SALINA, Kan. - The director of Kansas State-Salina's unmanned aircraft program says the school can't graduate students fast enough to fill demand for their skills.
Josh Brungardt, director of the program, said Thursday that students learning to work with unmanned technology are getting hired before they graduate. They often are promised six-figure incomes by companies that contract with the U.S. military. Brungardt says the predator drones have uses outside of the military, such as in search and rescue or emergency response after a disaster.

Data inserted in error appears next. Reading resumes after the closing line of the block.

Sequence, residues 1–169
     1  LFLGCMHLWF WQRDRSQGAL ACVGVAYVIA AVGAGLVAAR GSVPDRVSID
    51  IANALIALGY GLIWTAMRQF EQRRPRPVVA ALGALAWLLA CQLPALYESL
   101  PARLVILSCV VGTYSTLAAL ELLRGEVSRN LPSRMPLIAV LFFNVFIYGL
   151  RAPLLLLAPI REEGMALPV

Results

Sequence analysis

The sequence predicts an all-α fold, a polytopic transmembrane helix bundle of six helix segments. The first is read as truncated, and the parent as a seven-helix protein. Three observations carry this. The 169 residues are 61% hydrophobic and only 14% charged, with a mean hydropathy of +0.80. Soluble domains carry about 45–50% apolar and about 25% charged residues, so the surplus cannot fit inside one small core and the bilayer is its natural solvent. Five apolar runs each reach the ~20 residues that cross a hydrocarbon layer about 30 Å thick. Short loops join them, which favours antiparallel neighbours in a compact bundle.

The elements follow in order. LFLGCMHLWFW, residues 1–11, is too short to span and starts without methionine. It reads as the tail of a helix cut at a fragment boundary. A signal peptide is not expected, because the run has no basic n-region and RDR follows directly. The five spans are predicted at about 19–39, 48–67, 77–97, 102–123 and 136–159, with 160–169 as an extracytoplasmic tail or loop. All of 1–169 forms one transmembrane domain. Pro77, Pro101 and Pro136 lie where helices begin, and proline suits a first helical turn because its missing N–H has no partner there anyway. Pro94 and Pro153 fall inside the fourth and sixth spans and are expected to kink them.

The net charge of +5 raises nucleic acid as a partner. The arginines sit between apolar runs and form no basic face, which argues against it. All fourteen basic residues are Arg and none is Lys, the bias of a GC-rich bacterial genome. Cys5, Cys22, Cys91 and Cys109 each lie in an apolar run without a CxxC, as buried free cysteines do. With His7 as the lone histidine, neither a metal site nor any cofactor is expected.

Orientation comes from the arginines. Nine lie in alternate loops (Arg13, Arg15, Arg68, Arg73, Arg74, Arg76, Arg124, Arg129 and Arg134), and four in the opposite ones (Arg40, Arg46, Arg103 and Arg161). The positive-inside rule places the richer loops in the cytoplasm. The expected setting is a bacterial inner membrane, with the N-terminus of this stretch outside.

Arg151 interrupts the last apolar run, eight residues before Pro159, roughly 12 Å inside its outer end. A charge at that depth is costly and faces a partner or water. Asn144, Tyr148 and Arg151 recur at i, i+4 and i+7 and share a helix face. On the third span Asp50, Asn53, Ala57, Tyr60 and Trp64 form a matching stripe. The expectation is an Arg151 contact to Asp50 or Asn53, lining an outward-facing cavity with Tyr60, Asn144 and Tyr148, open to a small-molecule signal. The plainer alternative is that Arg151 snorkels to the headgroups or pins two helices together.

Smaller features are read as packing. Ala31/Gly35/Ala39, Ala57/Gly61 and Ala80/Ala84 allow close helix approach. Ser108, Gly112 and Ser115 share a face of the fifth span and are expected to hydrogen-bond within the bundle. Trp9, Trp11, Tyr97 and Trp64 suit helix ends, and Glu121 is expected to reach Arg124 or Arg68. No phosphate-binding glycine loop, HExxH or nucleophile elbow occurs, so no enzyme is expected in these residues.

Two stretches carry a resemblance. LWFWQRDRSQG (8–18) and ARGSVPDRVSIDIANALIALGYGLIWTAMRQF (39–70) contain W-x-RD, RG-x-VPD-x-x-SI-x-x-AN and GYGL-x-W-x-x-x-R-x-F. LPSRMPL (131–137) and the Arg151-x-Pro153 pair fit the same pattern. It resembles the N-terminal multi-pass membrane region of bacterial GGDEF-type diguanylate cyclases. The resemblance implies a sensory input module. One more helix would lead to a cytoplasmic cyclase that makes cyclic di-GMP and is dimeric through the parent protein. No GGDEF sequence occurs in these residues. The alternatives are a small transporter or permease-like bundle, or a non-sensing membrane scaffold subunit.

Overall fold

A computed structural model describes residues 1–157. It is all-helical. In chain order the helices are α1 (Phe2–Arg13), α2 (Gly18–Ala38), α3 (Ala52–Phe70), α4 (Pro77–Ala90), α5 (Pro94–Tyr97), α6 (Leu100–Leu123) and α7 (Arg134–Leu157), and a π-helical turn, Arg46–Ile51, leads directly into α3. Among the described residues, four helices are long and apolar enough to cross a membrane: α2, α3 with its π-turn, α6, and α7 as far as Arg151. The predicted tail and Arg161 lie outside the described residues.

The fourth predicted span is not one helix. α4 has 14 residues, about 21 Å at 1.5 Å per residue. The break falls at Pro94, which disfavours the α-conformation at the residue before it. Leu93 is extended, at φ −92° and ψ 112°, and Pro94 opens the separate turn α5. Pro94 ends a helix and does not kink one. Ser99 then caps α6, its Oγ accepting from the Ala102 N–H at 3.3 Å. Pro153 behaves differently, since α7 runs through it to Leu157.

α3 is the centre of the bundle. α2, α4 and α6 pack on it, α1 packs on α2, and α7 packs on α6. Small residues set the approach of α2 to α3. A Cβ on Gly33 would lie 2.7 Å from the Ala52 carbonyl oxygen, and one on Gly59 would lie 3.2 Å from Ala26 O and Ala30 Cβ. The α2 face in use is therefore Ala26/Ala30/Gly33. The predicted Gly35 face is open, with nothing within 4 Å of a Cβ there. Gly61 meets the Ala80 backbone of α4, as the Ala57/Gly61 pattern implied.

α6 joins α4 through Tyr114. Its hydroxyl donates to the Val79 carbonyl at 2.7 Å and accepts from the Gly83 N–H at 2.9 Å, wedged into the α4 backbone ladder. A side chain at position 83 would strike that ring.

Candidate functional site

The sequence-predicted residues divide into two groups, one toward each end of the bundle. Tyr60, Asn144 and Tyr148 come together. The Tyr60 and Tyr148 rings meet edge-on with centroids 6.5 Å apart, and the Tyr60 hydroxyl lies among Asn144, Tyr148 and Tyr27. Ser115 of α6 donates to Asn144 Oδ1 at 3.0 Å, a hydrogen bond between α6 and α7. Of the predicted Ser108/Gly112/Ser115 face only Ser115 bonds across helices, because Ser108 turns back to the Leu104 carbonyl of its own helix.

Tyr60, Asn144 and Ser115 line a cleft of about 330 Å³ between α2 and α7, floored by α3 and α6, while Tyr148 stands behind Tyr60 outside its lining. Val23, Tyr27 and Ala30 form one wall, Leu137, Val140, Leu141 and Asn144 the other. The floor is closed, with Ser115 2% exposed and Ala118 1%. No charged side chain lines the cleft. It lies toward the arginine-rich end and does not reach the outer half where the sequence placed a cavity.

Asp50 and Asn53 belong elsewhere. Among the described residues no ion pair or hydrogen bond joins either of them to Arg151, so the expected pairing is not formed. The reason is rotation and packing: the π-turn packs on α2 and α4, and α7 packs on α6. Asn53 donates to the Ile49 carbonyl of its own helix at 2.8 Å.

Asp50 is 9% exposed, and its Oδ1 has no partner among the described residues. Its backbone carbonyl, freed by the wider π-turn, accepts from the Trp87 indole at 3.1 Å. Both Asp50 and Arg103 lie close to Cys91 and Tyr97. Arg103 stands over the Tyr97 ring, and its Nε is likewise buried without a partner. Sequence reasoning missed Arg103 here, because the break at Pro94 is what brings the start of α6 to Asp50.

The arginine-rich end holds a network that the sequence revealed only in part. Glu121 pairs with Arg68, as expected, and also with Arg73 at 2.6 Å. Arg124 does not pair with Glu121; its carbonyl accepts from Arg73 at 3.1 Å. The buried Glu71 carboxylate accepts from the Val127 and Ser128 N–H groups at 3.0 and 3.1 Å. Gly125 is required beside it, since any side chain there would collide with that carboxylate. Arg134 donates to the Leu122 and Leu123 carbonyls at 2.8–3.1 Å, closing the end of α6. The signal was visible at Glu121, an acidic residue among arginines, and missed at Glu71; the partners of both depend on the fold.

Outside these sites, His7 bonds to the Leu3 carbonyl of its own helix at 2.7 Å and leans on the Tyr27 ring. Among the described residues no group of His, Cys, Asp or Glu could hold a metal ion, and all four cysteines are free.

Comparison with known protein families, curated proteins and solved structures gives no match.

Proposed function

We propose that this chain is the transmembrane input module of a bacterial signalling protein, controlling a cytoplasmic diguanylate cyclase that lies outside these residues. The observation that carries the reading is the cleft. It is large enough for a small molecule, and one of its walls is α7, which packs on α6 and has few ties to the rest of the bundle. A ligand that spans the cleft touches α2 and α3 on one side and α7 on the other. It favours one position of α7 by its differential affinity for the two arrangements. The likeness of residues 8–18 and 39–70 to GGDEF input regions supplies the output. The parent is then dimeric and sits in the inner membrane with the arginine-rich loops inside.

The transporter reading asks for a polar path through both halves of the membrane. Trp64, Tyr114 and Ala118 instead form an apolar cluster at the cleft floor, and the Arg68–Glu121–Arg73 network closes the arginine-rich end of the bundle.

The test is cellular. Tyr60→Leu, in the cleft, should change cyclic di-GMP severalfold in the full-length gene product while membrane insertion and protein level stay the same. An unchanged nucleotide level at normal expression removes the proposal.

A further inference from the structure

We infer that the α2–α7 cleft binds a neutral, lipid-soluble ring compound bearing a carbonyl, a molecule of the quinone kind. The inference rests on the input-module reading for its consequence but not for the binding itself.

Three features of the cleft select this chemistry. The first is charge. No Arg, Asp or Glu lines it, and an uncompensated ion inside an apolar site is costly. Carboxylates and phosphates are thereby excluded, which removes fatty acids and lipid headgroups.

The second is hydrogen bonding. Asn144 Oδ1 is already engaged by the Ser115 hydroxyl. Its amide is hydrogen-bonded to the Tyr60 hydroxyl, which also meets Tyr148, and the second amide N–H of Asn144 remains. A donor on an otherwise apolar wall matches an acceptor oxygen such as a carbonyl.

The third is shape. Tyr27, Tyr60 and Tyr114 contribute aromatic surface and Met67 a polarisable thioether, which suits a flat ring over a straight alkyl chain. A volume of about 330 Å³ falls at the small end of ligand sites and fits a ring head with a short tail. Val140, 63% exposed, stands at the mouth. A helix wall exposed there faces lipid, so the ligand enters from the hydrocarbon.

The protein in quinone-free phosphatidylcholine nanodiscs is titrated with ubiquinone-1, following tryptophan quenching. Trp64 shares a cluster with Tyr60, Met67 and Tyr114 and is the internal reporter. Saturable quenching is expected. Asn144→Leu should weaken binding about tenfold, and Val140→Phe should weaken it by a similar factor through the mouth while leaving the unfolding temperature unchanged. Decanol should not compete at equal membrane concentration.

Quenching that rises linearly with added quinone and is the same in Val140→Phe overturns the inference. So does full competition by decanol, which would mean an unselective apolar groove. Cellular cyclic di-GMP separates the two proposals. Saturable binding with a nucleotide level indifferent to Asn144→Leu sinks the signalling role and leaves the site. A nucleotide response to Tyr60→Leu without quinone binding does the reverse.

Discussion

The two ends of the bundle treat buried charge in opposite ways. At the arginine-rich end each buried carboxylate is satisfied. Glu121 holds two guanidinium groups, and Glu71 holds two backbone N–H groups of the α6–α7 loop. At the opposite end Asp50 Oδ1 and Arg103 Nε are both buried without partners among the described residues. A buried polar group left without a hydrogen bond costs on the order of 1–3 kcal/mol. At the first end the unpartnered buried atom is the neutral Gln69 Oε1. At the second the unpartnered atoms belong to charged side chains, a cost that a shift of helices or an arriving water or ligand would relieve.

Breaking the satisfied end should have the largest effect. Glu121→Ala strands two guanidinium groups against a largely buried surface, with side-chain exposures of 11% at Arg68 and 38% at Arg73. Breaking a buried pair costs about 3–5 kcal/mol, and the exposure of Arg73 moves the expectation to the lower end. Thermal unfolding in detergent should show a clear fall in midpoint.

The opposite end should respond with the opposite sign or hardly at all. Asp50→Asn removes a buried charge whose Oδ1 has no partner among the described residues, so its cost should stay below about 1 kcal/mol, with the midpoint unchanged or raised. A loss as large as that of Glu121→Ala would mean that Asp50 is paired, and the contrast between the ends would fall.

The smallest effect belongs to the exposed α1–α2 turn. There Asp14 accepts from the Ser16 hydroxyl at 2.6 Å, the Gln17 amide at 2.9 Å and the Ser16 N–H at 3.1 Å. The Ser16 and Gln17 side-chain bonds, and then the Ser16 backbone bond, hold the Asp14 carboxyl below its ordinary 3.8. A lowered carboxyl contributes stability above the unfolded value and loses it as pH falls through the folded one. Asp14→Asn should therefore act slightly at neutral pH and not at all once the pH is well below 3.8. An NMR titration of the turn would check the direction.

In Kansas, the most likely use would be for emergency response following a tornado. And the Salina Journal reports the school was asked to use the drones to search for leaks in a levee system near Leavenworth after a recent flood, but the FAA denied the request.